Arduino: The Documentary

Posted by on January 9th, 2011

This 30min documentary covers not just the origin of the Arduino, but how it’s helped create the MakerBot (which is getting a lot of attention at CES) and other interesting designs in hackerspaces across the globe.

It’s also worth pointing out the Practical Arduino book and blog, co-authored by Jon Oxer (who we’ve featured here before for his RFID implant.)

via Mark Pesce


Posted by on May 13th, 2010

Will the real Facebook killer please stand-up?  Diaspora is the latest hat being thrown in the ring to save us all from the evils of Facebook and it’s privacy-busting, corporate-favouring, people-hating walled garden.

Especially as many people, following this Gizmodo post, have jumped that wall and are looking for an alternative.

Here’s the two videos that have been circulating, if you haven’t seen them already:

It’s a little thin on exact details.  All they really say on their site is that “current implementations include GPG encryption, scraping Twitter and Flickr.. and the initial stages of connection infrastructure (“friending” other Diaspora instances).”

UPDATE: This video explains the basic idea of their service in more depth:

You have to admit this is pretty fucking future though.  A crowd-funded, open-source Facebook-killer perfectly timed to ride the backlash wave against it’s um, evolving, notion of privacy.  Making the Kickstarter campaign quickly go viral and reach over 1000% of their target.

Still, I can’t help remembering the buzz around the launch of Equally open-sourced and federated, this Twitter-killer was created back when Twitter was falling down on a regular basis?  (Wait.. what do you mean it still is?)  Anyone..?!  Exactly.

And given recent events, things could get messy quickly if they try to import data from Facebook in a manner they take exception to.

Nonetheless, I’m crossing my fingers for this project’s success.  I’ll even go so far as to say I’ll happily pay a subscription fee if they include data hosting;  my subscription fee for a pro-account with flickr is coming up and I’d much rather scrape that clean and store everything in my own cloudlet.

MikroKopter – HexaKopter

Posted by on February 12th, 2010

The MikroKopter, as presented by Holger Buss. The many-bladed copter can carry a small camera, and you can build one yourself following the wiki!

Thanks to heresy bob, who sent me the link via twitter!

The year 3D Printing mainstreams

Posted by on January 8th, 2010

Over the holidays my Grandmother asked me to explain Twitter to her. To me, that marks the point at which Twitter has utterly and completely permeated society. From arguably being on the nerd-fringe at the beginning of 2009, to the punchline on Letterman by years end.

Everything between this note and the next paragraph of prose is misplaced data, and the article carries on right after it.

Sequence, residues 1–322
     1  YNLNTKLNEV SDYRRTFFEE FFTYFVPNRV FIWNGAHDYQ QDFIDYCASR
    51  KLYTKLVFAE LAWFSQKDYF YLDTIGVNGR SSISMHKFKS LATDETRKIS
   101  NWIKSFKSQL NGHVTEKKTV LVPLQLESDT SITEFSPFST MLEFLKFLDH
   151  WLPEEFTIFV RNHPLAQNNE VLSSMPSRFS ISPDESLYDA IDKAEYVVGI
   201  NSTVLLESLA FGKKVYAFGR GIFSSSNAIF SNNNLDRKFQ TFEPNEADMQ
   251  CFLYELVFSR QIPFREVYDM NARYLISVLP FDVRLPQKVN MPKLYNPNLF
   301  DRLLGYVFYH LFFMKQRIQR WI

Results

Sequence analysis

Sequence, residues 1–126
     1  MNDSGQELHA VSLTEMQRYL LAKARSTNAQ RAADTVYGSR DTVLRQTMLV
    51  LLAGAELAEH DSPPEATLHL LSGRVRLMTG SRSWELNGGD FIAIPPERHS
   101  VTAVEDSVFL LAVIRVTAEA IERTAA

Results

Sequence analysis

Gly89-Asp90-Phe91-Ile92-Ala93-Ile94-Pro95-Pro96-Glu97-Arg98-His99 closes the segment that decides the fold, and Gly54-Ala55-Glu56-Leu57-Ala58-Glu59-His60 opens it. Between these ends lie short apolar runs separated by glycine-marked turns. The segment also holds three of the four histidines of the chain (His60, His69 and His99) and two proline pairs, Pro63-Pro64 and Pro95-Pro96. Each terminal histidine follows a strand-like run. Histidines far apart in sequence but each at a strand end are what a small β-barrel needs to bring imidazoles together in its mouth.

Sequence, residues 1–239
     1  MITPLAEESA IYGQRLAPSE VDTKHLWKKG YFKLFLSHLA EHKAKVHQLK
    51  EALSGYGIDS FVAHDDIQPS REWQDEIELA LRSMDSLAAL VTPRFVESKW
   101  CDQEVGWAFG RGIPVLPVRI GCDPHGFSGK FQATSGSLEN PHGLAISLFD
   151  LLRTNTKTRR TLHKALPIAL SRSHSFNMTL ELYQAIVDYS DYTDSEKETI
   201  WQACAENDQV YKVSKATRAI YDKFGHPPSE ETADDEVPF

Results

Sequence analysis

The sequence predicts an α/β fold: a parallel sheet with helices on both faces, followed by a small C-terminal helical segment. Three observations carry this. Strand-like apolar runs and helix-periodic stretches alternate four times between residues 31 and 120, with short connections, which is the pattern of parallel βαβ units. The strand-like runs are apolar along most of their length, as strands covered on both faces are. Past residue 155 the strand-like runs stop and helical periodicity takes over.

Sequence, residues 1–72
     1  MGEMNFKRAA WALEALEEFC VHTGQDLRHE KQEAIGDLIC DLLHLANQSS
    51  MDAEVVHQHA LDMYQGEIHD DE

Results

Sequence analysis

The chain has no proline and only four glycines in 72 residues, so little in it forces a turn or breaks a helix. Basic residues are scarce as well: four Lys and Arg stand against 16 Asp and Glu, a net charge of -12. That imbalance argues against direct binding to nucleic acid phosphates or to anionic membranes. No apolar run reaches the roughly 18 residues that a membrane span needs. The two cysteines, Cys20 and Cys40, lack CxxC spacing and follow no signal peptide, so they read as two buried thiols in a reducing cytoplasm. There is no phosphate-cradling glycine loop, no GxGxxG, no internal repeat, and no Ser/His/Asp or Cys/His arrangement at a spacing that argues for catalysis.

My prediction is that 3D Printers (or fabricators) will be the next to make this journey. Forget the iTablet (future destroyer of the magazine/newspaper industry), a friend with a MakerBot or RepRap is what you’ll be wanting when that Ikea-bought lamp breaks and you need to cheaply repair or re-purpose it.

So here’s a short interview with Bre Pattis about MakerBot, and the hacker space that spawned it, NYC Resistor:

Now have a flick through the site they mention, Thingiverse.

Another site to keep an eye on, The Product Bay.

Open-source zealots? Sure.. but this won’t be going away. Like Joe Rogan said right after his UFC co-host read out the full FBI Warning against piracy: “you can’t fight the internet baby”. Today’s pirated content is tomorrow’s pirated products.

Meanwhile, Shapeways – the experiment in fabricating-on-demand by Philips – continues to improve their ability to instantiate your designs. Check out this copyright infringing awesome grey alien!

Eye Tagging

Posted by on October 1st, 2009

LA graffiti writer Tony, aka TemptOne, has a rare neuromuscular disease that has caused progressive muscle weakness and eventual paralysis. Despite not being able to move a muscle, his eyes still function normally. With the help of the Not Impossible Foundation, he was once again able to get back to work:

Video via F.A.T. (Free Art & Technology), where the project phases are shown. Since the Not Impossible Foundation is open source and non-profit, the source code for this device could be used by anyone.

Thanks to Joseph Holsten for the link!

Musical Engineerity – Want robots to be musical, creative, and expressive?

Posted by on December 4th, 2008